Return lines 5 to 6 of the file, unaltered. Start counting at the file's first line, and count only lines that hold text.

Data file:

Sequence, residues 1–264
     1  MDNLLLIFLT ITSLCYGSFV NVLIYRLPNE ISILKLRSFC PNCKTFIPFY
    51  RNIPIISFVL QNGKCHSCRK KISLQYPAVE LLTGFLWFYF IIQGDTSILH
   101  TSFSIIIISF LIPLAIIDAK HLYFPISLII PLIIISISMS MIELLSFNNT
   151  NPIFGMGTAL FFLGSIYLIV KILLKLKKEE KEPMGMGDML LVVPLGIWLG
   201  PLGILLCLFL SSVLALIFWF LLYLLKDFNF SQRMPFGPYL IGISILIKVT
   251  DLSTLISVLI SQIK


   151  NPIFGMGTAL FFLGSIYLIV KILLKLKKEE KEPMGMGDML LVVPLGIWLG
   201  PLGILLCLFL SSVLALIFWF LLYLLKDFNF SQRMPFGPYL IGISILIKVT